Being an eventual result of unpredictable physical and chemical interaction between many natural factors at first, cheese has become a great creation of experience acquired through centuries, versatile knowledge and ever perfecting manufacturing technologies. Consequently, nowadays we have hundreds of mouth-watering cheese names precisely given to different types of cheese.
We are glad to offer you a wide range of the most popular cheeses enjoyed by the whole world. Our Encyclopedia collects a lot of cheese varieties for you to choose the one (or the ones) which would best suit your gourmet preferences.
The tradition of making this cheese comes from Italy and dates back hundreds of years. Depending on its ripening period, the cheese texture varies from silken and smooth to firm and crumbly with the color of its paste changing from white to dark yellow. Its mild smell and piquant taste combining sharpness and fruitiness make the cheese a fine versatile dressing for diverse snacks and salads, soups and sauces, pastas and many more. Served with dried fruit or savory crackers and a glass of Cabernet Sauvignon or Porter, Asiago reveals its best gourmet qualities.
This is a general term for the aged cheeses injected with special cultures of Penicillium mold to create blue and emerald or even grey and brownish veins or spots throughout the cheese interior. Maturing in caves under special natural conditions, blue cheeses get their distinctive aroma and original tangy taste. They usually serve as great additions to various appetizers. As blues have pretty strong and salty flavors, they should be served with sweeter dessert or sparkling wines. On the other hand, blues are versatile and shine well with beef, poultry and fish.
Nicknamed as “the Queen of Cheeses”, it was originally created in the region of Brie, France. This is a dainty double crème cheese made from cow’s milk. According to the history, it had to be presented to the French kings as a tribute. Today, it will certainly be a piquant zest of any cheese plate. Accompanied by Chardonnay or Pinot Noir, Brie unfolds its mild sweetish flavors, especially when it is also served with fruit or berries, nuts or even dark chocolate.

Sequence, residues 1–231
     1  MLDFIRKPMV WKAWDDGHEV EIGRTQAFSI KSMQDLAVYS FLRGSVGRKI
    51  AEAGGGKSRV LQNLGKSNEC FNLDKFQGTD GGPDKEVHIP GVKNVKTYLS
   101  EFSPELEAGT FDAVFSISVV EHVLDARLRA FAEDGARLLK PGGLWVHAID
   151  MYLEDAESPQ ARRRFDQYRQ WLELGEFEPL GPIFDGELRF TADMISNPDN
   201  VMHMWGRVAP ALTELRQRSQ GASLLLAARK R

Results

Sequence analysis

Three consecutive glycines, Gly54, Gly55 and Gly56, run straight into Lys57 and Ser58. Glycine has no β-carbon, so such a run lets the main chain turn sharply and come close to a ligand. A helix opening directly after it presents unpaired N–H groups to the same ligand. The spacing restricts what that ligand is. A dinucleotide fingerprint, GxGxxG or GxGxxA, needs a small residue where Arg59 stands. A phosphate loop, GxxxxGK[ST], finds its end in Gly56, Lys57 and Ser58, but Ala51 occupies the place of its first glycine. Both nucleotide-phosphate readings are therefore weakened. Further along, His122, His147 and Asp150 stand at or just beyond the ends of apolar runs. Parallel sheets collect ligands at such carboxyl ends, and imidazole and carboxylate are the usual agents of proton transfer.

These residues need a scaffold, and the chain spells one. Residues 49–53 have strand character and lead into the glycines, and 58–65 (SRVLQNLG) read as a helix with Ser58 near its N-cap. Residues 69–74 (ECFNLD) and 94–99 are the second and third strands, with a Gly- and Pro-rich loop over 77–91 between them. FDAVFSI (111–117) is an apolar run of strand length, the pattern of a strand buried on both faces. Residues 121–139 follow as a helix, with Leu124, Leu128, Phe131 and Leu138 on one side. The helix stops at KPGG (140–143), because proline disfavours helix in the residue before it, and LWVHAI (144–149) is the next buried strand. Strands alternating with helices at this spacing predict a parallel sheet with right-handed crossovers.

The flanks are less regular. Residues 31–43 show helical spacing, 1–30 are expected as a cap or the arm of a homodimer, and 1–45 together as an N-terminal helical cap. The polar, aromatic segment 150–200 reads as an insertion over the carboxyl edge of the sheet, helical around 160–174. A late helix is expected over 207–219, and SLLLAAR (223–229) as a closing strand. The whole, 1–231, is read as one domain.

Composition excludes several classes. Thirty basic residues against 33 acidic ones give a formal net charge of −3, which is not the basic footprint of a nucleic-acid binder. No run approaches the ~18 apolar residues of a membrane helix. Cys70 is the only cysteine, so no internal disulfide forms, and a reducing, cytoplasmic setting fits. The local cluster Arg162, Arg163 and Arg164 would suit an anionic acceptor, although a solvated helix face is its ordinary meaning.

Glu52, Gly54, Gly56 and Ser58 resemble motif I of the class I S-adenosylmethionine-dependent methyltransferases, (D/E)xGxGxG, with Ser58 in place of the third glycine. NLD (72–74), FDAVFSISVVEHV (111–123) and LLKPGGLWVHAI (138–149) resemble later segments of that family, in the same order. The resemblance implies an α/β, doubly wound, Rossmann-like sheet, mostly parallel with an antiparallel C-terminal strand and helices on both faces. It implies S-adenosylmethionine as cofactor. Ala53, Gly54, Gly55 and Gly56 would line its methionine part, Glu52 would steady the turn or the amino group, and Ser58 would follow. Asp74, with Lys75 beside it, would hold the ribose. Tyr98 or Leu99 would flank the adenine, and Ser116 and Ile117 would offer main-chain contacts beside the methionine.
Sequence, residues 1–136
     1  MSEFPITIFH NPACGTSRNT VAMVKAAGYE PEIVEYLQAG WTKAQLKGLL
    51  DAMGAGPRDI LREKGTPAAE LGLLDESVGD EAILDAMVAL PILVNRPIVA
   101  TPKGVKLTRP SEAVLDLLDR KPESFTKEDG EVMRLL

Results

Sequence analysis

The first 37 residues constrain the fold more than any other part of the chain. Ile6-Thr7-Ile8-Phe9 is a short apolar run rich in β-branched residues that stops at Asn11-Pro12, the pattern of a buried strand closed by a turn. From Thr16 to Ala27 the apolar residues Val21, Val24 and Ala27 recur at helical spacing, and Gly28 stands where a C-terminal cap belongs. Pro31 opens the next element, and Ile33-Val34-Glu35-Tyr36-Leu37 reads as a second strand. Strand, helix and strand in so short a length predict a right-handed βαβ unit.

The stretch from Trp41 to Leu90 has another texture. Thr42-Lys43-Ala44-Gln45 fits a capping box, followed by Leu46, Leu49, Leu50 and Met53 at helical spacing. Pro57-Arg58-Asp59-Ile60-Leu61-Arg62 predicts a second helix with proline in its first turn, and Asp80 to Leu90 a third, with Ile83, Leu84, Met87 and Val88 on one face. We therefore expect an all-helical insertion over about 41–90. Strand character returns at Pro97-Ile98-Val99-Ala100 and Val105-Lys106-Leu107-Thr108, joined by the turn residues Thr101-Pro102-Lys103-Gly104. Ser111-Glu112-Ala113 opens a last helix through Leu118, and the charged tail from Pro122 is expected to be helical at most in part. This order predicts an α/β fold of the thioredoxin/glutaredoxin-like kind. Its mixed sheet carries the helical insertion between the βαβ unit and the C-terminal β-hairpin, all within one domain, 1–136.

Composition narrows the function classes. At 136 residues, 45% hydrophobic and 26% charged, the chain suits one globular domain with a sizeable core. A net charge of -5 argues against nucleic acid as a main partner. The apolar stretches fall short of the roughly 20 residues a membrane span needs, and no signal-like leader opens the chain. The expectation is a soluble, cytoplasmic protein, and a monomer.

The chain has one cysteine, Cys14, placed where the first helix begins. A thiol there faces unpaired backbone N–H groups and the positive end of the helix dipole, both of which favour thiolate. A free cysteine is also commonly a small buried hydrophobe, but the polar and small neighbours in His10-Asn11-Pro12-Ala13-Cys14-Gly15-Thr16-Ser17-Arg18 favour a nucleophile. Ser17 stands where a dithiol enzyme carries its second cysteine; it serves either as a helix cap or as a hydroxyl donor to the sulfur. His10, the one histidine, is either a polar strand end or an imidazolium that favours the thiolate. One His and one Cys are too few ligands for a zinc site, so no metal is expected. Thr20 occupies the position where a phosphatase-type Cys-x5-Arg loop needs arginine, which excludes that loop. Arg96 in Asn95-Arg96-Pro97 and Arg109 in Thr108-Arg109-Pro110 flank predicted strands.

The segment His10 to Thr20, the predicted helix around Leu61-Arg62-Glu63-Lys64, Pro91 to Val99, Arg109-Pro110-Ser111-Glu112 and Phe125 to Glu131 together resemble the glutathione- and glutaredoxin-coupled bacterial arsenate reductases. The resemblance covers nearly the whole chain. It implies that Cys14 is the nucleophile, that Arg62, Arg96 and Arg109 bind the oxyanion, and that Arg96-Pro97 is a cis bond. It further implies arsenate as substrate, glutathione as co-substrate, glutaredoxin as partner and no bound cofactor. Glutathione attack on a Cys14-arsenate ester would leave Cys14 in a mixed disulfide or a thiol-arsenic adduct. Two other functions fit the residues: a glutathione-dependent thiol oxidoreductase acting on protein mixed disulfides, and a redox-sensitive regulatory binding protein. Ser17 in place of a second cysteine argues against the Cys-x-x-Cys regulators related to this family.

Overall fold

It claims to be one of the best-known French cheeses and the world’s most imitated one. Its present name was given to the cheese by Napoleon, who liked it a lot. This is a soft-ripened cheese with runny and smooth texture, bloomy rind and full-flavored paste. Having a rich buttery taste with salty, mushroomy or delicate garlic tints, the cheese is usually served as a dainty seasoning to some salads or separately to crunchy baguette and light reds, though traditionally Camembert is paired with apple cider. The cheese is an especially fabulous appetizer when accompanied by fresh fruits and jams or honey, as well as by savory cold meats like salami or turkey.
Originating from the village of Cheddar, England, it tends to be one of the world’s most enjoyed cow’s milk hard cheeses. The earliest Cheddar goes back to the late 12th century when the English kings declared it to be the finest cheese in Britain. Traditionally, it features firm texture and unique flavor balancing successfully between sharpness and creaminess. The younger cheese melts well, while the more aged type is great for grating.To highlight the individual qualities of Cheddar, it should be served with apples or nuts and a glass of strong ale, cider or Cabernet Sauvignon.